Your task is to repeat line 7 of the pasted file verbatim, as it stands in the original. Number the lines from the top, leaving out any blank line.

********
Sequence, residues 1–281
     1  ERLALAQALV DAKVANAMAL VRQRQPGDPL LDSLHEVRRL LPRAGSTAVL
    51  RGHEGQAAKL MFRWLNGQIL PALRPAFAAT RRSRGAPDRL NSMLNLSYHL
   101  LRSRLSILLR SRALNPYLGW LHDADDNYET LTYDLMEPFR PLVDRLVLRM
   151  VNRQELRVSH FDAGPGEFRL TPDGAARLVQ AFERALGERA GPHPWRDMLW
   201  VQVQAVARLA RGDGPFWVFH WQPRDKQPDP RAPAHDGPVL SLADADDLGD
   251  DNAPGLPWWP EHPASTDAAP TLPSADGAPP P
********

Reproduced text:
   251  DNAPGLPWWP EHPASTDAAP TLPSADGAPP P